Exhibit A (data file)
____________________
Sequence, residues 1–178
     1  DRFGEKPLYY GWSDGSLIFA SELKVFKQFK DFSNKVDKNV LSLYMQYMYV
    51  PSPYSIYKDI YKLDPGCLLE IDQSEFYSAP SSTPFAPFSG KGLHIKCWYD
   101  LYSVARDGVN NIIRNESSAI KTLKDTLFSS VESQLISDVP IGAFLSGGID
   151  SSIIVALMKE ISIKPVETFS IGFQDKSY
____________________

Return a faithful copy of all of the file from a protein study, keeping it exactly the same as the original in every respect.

Sequence, residues 1–178
     1  DRFGEKPLYY GWSDGSLIFA SELKVFKQFK DFSNKVDKNV LSLYMQYMYV
    51  PSPYSIYKDI YKLDPGCLLE IDQSEFYSAP SSTPFAPFSG KGLHIKCWYD
   101  LYSVARDGVN NIIRNESSAI KTLKDTLFSS VESQLISDVP IGAFLSGGID
   151  SSIIVALMKE ISIKPVETFS IGFQDKSY